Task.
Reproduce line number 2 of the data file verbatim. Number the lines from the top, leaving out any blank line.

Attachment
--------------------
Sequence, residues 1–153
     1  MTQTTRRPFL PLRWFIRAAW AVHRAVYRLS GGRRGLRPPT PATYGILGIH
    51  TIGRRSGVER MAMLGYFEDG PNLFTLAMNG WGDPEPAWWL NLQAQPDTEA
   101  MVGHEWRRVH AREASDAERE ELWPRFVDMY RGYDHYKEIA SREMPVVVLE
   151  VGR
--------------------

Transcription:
     1  MTQTTRRPFL PLRWFIRAAW AVHRAVYRLS GGRRGLRPPT PATYGILGIH